Grazing incidence and multilayer X-ray optical systems

Melville P Ulmer*, R. Altkorn, A. Krieger, D. Parsignault, Yip-Wah Chung

*Corresponding author for this work

Research output: Contribution to journalConference articlepeer-review

2 Scopus citations


The development of X-ray optics for astrophysical investigations in the 40-100 keV energy range is extremely important. In this energy range, a focusing system is necessary to resolve crowded regions, to improve sensitivity, and to provide the deep sky images necessary to make the next great step forward in this field. Such a step was ably demonstrated by the Einstein and ROSAT observatories. These systems used grazing incidence optics, and, as is well known, the critical angle of reflectivity decreases linearly with energy for ordinary metal surfaces which adversely impacts on the design of a focusing system for higher energy X-rays. At least 3 parameters are negatively affected: (a) the field of view is decreased; (b) the projected area of an individual mirror element is decreased; and, (c) the focal length for a fixed diameter system is increased. In order to counter these effects, mirrors coated with multilayers have been designed. It is theoretically possible to increase the grazing angle by coating the mirror surface with a graded d-spacing. The ability to produce a coated mirror with close to theoretical performance is, however, technically challenging. We describe our approach to the fabrication of a system designed for the 40-100 kev range that is based on electroforming technology. We also describe some of the general considerations that must be taken into account when fabricating a viable mirror.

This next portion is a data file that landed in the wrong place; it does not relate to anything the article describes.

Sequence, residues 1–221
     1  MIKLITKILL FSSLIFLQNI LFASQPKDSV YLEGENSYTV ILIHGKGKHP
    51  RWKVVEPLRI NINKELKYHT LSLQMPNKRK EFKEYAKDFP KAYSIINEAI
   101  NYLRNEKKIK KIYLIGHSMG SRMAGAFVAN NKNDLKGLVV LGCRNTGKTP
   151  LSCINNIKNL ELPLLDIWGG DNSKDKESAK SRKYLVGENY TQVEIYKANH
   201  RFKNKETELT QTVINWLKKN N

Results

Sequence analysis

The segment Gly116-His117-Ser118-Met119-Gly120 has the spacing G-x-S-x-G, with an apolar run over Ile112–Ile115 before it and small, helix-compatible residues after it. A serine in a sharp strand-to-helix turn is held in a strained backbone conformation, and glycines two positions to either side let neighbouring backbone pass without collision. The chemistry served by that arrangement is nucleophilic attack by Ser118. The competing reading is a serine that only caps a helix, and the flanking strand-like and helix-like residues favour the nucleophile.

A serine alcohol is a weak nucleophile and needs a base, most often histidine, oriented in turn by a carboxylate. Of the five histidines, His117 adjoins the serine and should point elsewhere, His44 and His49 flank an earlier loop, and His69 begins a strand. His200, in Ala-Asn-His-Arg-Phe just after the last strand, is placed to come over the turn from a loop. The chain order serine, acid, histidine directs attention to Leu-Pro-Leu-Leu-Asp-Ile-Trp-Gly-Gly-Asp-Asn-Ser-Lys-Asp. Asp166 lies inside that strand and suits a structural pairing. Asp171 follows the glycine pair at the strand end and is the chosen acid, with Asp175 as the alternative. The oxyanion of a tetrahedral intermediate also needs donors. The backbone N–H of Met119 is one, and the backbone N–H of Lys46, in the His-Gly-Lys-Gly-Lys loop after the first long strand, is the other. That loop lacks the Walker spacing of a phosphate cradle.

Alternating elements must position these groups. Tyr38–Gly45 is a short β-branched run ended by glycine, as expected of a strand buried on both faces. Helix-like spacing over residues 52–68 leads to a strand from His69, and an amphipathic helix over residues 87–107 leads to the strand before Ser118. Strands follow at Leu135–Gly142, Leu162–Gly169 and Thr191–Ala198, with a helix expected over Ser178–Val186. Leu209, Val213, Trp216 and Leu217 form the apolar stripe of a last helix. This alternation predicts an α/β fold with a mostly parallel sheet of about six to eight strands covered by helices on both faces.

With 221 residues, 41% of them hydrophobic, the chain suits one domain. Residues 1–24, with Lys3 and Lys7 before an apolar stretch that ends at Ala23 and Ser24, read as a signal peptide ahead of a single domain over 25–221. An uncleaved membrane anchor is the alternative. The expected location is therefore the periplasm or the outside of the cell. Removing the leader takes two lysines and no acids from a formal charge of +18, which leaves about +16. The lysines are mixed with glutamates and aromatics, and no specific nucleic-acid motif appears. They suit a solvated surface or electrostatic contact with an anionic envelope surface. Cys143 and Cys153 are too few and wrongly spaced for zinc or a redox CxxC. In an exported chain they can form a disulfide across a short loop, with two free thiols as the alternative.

Original languageEnglish (US)
Pages (from-to)267-274
Number of pages8
JournalProceedings of SPIE - The International Society for Optical Engineering
StatePublished - Dec 1 1997
EventGrazing Incidence and Multilayer X-Ray Optical Systems - San Diego, CA, United States
Duration: Jul 27 1997Jul 29 1997


  • Coatings
  • Multilayers
  • Wolter I
  • X-rays

ASJC Scopus subject areas

  • Electronic, Optical and Magnetic Materials
  • Condensed Matter Physics
  • Computer Science Applications
  • Applied Mathematics
  • Electrical and Electronic Engineering


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